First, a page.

Our smartphones are part of our everyday toolkit. Wherever we are, wherever we go, we take our smartphones too. With around 1.75 billion smartphones now being used on the planet we are more connected, more informed and more rapidly updated than at any previous time in our history.
We are now so dependent on our mobile gadget, we experience withdrawal symptoms if we no longer have access to our smartphones. People have reported suffering from phantom vibration syndrome (yes, that is a real medical condition), anxiety and an inability to concentrate if separated from their phones.
But are they also dumbing us down?
When was the last time you trusted your own sense of navigation to get you to your destination?Or when was the last time you relied on your own brain to work out the answer to a simple maths question, such as dividing a café bill between friends?
Our smart phones are quick and easy to use. Why trouble your brain when your phone provides you the answer to everything you need?
One reason to not rely so heavily on our phone is the latest research from Canada that suggests that because our brain likes to take the easy option when given the choice, we are reducing our ability to problem solve.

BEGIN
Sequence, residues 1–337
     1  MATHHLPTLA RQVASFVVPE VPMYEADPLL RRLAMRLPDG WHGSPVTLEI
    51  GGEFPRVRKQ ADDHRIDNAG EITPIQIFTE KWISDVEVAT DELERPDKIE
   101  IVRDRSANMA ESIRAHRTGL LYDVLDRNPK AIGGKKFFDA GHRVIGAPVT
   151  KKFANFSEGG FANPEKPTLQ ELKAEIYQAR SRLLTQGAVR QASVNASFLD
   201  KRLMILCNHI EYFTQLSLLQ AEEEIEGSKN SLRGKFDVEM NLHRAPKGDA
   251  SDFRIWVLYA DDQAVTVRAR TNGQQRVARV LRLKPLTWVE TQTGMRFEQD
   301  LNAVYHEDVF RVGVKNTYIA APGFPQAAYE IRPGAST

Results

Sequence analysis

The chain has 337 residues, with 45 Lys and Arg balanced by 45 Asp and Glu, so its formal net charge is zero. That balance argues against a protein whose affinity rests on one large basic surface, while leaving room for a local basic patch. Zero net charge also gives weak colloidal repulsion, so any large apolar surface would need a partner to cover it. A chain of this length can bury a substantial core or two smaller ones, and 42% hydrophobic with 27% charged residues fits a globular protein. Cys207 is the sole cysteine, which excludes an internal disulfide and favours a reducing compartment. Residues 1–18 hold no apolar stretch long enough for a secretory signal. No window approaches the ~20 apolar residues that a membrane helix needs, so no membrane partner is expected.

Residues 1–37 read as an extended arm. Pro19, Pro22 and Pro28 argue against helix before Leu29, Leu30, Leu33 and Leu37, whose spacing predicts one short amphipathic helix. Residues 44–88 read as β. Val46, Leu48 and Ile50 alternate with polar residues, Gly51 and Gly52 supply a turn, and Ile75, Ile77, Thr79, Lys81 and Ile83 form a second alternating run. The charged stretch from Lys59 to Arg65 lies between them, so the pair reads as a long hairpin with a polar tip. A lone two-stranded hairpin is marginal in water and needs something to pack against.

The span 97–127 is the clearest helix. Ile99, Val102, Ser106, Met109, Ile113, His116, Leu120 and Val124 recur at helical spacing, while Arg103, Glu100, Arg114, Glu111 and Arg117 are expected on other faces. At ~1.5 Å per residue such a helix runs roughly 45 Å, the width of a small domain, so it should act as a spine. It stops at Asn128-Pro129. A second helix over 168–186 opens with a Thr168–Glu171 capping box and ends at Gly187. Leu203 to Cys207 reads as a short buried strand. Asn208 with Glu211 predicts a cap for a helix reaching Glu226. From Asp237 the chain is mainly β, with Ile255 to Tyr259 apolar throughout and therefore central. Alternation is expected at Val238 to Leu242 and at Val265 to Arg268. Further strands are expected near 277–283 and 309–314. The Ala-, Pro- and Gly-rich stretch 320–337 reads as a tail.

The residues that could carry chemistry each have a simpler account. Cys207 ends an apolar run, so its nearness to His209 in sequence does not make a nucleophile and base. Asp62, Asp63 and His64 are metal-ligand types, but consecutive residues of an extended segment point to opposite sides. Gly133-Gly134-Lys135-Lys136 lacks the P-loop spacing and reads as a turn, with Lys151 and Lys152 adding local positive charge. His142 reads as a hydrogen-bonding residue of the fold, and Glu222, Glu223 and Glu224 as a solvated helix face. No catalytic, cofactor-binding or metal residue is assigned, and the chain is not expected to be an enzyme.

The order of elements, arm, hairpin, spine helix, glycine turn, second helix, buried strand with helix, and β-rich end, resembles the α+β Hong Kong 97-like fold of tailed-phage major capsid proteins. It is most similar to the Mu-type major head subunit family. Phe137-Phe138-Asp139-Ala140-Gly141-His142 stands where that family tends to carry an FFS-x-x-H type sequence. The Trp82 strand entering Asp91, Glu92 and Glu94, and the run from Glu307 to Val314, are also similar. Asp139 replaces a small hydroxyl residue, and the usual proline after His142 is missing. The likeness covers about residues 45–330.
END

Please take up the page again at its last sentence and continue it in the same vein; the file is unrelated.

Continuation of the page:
There’s a difference too between different types of thinkers. Intuitive thinkers tend to be lazier than analytical thinkers when it comes to selecting to using brain power.
The implication is that our smartphone use is already having a significant effect on our ability to think. The researchers suggest there is an association between heavy smartphone use and lowered intelligence. Another concern is that as we age, it is essential for good brain health that we continue to challenge our brain and make it work for us. An idle brain is a rapidly rusting brain.
It looks as if we have a choice to make.
In our future, if we want to differentiate ourselves from the crowd by having a higher level of mental flexibility, innovative thinking and ability to solve problems, we may need to learn to unplug for a while.
Taking a technology break reduces the cognitive load on the brain. Switching off has been shown to lower blood pressure, lessen symptoms of anxiety and increase our feeling of wellbeing.
High performance thinking starts with a balanced approach to how we integrate with our technology.
Our future brain starts here.
How do you think you would fare without a mobile phone? Would you? Could you?
I’d love to hear your thoughts.
Ref: Nathaniel Barr, Gordon Pennycook, Jennifer A. Stolz, Jonathan A. Fugelsang. The brain in your pocket: Evidence that Smartphones are used to supplant thinking. Computers in Human Behavior, 2015; 48: 473 DOI:10.1016/j.chb.2015.02.029
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